It is now an admitted fact that Pakistan may be going through one of its worst water conditions yet. The UN and Pakistan’s Met department have forecasted that Pakistan may be water scarce by 2025, and residents in Karachi receive fewer than 500 million gallons of water per day, well below 50 per cent of daily needs. This year, with unusually hot weather and stressful tussles with India over flow of rivers, the water conditions in the country have dropped with a worse rate than expected.

Fortunately, the water scarcity crisis has not escaped national attention and the government is taking action to combat water scarcity. A new national water policy being approved last week was a good beginning. Now, a session arranged by the Planning Commission for key players in the water policy is further aiding the effort to save water, and it has played its first part by aiming to have Pakistan adopt the UN Decade of Action 2018-2028 for conservation of water.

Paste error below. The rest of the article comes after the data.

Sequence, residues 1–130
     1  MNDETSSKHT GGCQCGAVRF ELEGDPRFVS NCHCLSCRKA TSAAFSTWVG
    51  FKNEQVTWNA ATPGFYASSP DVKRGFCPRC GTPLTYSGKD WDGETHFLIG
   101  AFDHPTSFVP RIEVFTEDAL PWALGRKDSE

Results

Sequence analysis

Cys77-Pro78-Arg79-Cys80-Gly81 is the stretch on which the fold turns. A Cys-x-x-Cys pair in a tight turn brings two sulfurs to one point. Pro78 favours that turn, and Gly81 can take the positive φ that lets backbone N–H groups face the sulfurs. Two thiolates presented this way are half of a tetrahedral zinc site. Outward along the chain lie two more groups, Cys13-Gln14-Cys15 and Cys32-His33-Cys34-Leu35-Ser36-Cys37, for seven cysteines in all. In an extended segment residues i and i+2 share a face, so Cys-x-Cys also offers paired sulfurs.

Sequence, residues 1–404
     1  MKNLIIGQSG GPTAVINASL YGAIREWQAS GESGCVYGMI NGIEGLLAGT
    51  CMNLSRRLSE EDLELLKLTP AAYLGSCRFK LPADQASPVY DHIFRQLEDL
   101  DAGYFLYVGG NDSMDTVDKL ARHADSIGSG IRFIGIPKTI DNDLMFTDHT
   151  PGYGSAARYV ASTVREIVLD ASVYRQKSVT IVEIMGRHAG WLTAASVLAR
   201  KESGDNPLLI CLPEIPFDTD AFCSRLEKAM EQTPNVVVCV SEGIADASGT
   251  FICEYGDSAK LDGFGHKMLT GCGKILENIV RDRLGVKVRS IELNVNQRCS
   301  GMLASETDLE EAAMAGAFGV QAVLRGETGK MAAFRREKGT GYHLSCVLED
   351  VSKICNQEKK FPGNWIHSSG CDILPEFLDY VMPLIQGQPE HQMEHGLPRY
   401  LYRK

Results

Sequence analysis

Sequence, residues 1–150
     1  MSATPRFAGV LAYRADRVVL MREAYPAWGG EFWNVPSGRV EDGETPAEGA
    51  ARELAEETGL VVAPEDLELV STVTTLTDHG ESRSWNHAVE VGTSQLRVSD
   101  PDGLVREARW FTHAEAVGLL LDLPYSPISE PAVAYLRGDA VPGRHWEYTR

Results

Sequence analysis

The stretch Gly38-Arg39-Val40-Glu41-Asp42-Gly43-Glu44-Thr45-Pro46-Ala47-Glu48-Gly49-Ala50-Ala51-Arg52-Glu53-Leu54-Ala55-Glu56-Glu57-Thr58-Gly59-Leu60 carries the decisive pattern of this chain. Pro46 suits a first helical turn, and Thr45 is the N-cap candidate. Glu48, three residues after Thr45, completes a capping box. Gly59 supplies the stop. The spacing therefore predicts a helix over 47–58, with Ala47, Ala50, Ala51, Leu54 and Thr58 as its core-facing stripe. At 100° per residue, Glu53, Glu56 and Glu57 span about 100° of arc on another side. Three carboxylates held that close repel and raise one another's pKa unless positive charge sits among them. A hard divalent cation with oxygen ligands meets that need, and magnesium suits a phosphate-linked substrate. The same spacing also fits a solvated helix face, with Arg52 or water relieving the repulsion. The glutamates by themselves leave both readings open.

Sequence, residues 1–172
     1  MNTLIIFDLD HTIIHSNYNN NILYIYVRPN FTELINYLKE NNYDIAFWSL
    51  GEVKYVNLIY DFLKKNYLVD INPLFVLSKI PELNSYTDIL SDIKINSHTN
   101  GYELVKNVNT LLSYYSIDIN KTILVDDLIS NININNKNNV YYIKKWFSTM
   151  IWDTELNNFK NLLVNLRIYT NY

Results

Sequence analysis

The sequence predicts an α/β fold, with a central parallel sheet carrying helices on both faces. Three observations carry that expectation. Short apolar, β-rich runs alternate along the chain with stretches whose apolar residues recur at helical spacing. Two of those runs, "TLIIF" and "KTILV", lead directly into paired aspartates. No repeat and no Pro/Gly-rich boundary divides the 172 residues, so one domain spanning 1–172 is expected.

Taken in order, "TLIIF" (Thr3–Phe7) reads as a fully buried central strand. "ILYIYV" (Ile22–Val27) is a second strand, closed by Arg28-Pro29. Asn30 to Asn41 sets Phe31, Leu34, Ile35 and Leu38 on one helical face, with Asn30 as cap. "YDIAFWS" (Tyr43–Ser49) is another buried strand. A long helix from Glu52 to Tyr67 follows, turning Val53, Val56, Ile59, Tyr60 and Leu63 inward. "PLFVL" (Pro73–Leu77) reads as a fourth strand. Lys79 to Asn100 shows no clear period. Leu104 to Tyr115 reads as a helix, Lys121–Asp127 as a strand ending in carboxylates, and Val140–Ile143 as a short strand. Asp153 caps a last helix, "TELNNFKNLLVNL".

It is hoped that joining the UN Action Plan will help keep Pakistan’s water policies in check and will mitigate water shortage. The UN plan, and our national policy come aided with attention on a wide range of external issues, which include water pollution and the high range of diseases affiliated with water, a highly relevant problem in Pakistan due to the increase of malaria and hepatitis in Punjab and Sindh.

The session placed emphasis on solar desalination as a solution for water scarcity, especially in areas of Baluchistan. Desalination of seawater can bring enormous opportunities for Pakistan to meet growing agricultural and civil water requirements, and is a relief from dam-reliance solutions. While the cost of desalination would certainly run high, some of the cost can be off-set by relying on local manufacturers than imported.